St. Johns has always struck me as a wellspring of untapped "cool neighborhood" potential. As the migration of young homeowners moves northward, it seems inevitable that the abundance of storefronts lining N Lombard will soon house shops, nice restaurants, and boutiques selling duct tape wallets.
The cool factor of downtown St. Johns got a major kick in the pants last month when Proper Eats Café—a late-night, beer-serving, tempeh- and granola-loving, restaurant/organic market—opened its doors in the old Café Nola space. The front of Proper Eats looks like a small, traditional health-food store committed to organic farming and sustainable agriculture. There's spinach from St. Johns neighborhoods, fruit from Sauvie Island, plus all the normal bulk food items: granola, quinoa, and expeller-pressed canola oil.
Far more than a small stop-and-shop, though, Proper Eats is a vegetarian and vegan café with microbrews on tap and live music on the weekends. The ambiance is a little lacking; the open kitchen and mostly blank walls make it look a little threadbare, but that'll certainly improve over time. Local residents don't seem to mind—on the Friday night that I ate there, every table was occupied.
My wife and I started with the spreads and dips platter—a smattering of locally made crackers and our choice of three house-made spreads. We picked the miso tahini, the olive, and the avocado. The caraway seed crackers broke off crisply in my mouth, and their subtle, savory flavors complemented the spreads perfectly. We washed the starter down with home-brewed sodas bottled two weeks earlier in Hood River.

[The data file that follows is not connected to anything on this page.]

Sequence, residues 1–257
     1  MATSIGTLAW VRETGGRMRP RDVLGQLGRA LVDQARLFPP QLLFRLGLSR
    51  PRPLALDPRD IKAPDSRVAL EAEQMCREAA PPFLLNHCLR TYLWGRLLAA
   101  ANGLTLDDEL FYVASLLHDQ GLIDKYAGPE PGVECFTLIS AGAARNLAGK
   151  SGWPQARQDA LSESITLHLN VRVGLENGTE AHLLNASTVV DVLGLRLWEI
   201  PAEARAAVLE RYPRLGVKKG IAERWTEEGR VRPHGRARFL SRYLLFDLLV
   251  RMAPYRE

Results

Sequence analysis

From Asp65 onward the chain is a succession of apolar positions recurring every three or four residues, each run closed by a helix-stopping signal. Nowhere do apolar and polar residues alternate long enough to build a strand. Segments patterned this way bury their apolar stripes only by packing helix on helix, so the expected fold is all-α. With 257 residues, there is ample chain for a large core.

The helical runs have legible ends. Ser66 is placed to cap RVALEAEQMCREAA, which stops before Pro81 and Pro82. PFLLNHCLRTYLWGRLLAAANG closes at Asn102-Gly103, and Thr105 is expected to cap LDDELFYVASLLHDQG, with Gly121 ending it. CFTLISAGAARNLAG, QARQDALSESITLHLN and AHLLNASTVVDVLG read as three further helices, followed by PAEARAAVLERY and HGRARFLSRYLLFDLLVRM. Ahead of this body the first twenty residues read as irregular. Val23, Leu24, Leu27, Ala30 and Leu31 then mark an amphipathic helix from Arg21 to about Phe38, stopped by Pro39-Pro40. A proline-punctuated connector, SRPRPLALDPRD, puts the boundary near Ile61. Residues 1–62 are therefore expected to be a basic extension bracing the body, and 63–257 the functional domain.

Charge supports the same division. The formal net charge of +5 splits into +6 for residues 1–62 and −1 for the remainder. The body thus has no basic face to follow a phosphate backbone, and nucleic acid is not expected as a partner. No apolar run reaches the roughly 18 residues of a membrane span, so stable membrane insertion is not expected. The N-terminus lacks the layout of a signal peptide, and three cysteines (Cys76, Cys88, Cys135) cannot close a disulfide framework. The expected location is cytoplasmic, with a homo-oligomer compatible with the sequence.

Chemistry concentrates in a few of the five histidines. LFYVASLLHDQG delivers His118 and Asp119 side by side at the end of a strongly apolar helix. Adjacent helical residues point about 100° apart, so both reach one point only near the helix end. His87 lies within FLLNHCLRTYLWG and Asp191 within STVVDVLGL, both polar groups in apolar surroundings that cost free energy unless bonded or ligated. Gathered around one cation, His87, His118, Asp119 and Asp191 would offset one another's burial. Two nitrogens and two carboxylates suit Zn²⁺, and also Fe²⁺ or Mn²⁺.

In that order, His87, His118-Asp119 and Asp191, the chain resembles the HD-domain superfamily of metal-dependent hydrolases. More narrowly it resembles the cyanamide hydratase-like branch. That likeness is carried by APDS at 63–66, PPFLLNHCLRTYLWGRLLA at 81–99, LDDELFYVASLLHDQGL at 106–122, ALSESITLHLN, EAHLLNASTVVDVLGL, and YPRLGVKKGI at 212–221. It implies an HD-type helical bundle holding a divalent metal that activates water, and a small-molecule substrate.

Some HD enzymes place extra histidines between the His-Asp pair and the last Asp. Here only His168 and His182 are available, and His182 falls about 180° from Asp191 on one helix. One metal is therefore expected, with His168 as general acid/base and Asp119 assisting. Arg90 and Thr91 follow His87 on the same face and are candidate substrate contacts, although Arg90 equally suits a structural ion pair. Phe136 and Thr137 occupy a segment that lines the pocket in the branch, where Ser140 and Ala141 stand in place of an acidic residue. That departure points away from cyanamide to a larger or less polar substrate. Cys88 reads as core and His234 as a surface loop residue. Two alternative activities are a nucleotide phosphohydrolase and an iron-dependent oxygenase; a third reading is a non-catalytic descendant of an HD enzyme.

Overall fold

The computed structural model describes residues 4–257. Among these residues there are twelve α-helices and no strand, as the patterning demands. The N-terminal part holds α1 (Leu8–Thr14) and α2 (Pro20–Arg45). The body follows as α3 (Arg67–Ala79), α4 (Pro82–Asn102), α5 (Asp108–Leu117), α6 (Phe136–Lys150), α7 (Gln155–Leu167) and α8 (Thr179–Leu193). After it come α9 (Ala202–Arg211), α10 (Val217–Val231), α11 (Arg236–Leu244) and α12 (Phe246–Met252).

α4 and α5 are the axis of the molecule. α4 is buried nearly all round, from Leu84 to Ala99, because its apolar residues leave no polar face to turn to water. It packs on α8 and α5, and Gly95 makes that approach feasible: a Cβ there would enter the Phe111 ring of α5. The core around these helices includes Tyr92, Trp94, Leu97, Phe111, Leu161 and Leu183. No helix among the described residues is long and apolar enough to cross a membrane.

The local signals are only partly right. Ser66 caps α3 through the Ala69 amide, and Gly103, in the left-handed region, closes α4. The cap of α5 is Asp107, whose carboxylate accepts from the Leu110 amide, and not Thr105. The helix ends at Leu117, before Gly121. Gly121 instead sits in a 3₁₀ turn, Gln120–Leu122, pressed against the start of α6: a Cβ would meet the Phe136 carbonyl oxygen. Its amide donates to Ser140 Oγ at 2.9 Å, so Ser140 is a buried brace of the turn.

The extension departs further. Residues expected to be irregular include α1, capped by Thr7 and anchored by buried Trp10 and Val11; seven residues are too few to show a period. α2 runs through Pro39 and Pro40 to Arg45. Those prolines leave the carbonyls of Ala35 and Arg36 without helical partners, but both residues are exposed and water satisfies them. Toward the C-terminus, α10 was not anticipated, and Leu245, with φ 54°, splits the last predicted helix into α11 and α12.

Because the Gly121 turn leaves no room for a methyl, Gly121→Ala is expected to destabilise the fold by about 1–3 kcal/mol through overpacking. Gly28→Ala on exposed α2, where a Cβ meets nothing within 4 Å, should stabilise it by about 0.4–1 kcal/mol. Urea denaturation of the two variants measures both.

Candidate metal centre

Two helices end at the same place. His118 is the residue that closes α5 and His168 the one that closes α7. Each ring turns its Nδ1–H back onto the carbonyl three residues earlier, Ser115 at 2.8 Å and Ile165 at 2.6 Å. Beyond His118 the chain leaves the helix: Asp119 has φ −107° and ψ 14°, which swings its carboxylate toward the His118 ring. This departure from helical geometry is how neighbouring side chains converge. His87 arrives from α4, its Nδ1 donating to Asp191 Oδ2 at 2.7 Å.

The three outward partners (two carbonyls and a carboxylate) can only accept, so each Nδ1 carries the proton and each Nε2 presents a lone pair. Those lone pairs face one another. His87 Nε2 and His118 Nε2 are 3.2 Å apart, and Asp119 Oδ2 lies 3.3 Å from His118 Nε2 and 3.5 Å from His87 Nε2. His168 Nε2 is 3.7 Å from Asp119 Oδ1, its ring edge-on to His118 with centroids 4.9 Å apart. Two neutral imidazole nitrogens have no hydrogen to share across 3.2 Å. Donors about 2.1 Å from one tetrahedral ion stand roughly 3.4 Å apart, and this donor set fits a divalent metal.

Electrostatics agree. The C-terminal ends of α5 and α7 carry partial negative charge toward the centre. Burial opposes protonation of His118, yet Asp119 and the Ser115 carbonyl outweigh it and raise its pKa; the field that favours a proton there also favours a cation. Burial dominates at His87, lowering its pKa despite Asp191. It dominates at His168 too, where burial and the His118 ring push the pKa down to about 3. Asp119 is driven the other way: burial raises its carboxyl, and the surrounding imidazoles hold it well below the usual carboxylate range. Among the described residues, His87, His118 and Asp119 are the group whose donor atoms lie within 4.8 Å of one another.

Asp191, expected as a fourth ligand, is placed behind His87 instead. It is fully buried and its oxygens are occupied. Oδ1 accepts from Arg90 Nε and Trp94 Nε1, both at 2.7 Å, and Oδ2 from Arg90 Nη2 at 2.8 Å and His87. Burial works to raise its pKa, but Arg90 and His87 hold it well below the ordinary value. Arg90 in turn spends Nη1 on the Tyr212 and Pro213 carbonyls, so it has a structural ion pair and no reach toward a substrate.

Despite having café-style counter service, our courses came out at a nice pace, and employees dropped by regularly to bus plates and check on us.
Our arugula and pear salad came out next, dressed with pecans and a raspberry vinaigrette. It was pretty by the book, except that the handsome presentation was a nice signal that Proper Eats strives to be more than a slapdash café with hastily thrown-together dishes.
I chose the nachos as my entrée—despite the fact that they were cheese-free(!). The heaping mound of tortilla chips, black beans, rice, guacamole, and salsa was almost enough to make me forget about dairy products altogether. Once I tasted the final garnish, a corn and pumpkin-seed relish, I was ready to swear off cheesy nachos for the rest of my life. My wife was less impressed with her veggie wrap, so we swapped halfway through, and I found it to be perfectly tasty. Essentially a big burrito of steamed veggies and your choice of tempeh or tofu, the wrap is brought to life by a delicious miso tahini spread.
There aren't a ton of dessert choices, but the brownie we shared on the ride home was perfectly chewy and moist. (Hey Proper Eats—how about an espresso machine?)
In the car, my wife wondered aloud, "Was that an entirely vegan meal?" I added it all up, and to my surprise, it was. More surprisingly, though, was how flavorful it was. (Cheap, too. The entire meal rang up for less than $35.) The shocking part of the whole deal, though, was not that we had a delicious, affordable vegan meal, but that such a great dining experience happened in the shadow of the St. Johns Bridge.